Senator Lou Correa, Author of Vetoed Medical Marijuana Restrictions Bill, Just Wanted to Help
|Here to help|
In his veto message, Brown said that such specific zoning requirements are the jobs of local, not state government. And marijuana organizations, like Americans for Safe Access, claimed victory, saying that grassroots activity -- such as phone calls and e-mails to Brown's office -- help persuade Governor Moonbeam.
But that's not how Correa sees it.
Numerous cities and towns across California are grappling with the dispensary question, with some -- including Anaheim and Santa Ana, both in Correa's district -- going to the courts to solve it. "This is not an anti-pot bill ... this bill would have stopped the fights [regarding dispensaries] from happening," Correa said Wednesday. "I'm still trying to figure him [Brown] out."
The idea was to simultaneously respect the will of the voters -- who with 1996's Proposition 215 said they wanted medical marijuana in California -- and respect the will of California residents "who don't want smoke 'round them," Correa told SF Weekly.
"Both could live happily ever after," he said.
Correa says he worked with proponents of medical marijuana to hammer out a zoning bill that everyone could agree with. That might be true, but it's worth noting Correa's bill received little love from the local delegation to the Legislature: Every local representative was on lopsided losing votes against the bill with the exception of San Francisco's Assemblywoman Fiona Ma (whose 12th Assembly District has one dispensary on Geary Boulevard, less than 600 inches from residential zones).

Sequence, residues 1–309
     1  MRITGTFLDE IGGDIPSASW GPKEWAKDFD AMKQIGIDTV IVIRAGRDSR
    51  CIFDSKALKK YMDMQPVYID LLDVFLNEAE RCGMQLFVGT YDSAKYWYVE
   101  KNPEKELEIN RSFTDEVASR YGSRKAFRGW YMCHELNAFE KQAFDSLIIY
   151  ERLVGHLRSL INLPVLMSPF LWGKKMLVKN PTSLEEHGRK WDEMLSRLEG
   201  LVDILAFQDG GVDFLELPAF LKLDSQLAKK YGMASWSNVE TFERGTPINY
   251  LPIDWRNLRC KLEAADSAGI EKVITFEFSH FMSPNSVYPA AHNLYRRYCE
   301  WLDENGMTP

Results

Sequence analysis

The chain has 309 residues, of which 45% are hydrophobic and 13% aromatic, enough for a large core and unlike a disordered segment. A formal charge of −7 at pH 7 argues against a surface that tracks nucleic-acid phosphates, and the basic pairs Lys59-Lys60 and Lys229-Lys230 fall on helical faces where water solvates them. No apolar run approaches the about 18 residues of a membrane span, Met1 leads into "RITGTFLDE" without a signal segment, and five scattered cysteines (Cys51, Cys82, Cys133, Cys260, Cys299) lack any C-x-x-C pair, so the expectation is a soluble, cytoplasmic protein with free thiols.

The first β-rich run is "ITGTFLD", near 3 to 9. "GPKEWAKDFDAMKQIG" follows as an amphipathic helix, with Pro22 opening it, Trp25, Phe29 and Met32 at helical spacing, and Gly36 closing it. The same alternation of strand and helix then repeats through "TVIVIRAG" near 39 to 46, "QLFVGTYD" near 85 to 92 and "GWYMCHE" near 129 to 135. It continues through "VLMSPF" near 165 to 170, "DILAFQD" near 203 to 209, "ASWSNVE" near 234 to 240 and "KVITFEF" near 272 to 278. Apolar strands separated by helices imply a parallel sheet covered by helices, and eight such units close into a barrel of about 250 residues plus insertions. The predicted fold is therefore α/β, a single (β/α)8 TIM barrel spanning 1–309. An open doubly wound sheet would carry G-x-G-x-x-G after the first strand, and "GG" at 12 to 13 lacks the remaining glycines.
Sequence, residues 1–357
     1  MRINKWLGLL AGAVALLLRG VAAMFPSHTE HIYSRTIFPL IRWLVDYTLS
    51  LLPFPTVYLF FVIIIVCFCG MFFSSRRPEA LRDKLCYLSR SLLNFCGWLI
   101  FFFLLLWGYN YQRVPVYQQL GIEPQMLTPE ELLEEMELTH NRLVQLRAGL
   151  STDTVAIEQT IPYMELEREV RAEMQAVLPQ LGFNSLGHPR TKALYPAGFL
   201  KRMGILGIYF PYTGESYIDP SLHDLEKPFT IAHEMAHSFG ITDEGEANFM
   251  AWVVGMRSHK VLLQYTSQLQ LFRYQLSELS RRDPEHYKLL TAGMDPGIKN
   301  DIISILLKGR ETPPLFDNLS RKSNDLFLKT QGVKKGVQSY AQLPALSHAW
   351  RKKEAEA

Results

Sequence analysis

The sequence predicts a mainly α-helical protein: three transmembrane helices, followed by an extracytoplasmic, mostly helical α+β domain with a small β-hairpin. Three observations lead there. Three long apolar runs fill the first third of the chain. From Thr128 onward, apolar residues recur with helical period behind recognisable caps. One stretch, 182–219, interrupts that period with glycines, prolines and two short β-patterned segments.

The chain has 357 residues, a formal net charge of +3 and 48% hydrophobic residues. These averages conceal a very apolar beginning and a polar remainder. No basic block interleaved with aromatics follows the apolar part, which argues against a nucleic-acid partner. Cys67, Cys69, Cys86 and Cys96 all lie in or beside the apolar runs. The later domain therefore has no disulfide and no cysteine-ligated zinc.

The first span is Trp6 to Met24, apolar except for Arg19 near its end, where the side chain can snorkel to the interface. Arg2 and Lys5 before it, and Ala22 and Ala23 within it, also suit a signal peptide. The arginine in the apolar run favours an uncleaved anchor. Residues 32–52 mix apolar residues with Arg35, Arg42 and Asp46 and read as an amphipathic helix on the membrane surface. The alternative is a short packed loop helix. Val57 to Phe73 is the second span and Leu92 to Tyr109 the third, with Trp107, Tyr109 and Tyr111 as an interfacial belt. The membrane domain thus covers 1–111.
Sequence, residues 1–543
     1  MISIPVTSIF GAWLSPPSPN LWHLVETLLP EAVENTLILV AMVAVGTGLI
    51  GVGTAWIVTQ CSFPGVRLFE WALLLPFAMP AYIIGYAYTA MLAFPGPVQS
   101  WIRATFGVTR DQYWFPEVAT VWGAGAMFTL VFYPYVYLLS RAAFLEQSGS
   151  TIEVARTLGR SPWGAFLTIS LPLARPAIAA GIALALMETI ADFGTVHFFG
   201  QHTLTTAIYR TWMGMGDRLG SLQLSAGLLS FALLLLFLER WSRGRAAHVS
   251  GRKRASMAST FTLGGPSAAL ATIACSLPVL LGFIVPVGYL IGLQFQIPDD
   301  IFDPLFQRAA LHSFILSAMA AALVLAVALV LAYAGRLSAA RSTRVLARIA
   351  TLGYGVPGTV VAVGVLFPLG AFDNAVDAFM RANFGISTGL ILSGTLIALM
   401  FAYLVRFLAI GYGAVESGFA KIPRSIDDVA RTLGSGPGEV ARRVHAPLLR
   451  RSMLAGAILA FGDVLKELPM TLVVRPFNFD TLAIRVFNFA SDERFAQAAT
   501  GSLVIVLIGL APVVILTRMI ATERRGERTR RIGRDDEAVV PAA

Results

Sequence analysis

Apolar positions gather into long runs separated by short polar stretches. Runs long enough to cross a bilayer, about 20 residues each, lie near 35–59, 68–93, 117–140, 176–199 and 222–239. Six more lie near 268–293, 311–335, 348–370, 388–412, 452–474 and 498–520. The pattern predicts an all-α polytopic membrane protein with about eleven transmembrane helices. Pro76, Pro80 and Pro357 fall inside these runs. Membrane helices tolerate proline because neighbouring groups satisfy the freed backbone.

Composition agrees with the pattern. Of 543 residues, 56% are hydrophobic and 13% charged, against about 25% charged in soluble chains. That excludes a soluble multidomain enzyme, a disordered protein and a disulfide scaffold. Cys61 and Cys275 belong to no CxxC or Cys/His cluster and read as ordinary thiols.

While perhaps not well-suited to urban areas, the bill does not have anything to do with places where dispensary regulations are on the books. And, Correa noted, he introduced a letter that stated that the law does not apply to somebody "who grows his stash in the backyard -- legally -- in his own home."
The bill still might not have mattered, even if it passed: The big fish is the case of Qualified Patients Association v. Anaheim, in which a group of SoCal dispensary operators are challenging whether or not cities have the right to ban dispensaries from within their limits. That imbroglio is headed to the state Court of Appeals -- but future fights might have been avoided if Correa's law passed, he claims.
"This stops fights from happening. Everybody was with it -- and the governor vetoed it!" Correa lamented. "He botched it -- and he knows it."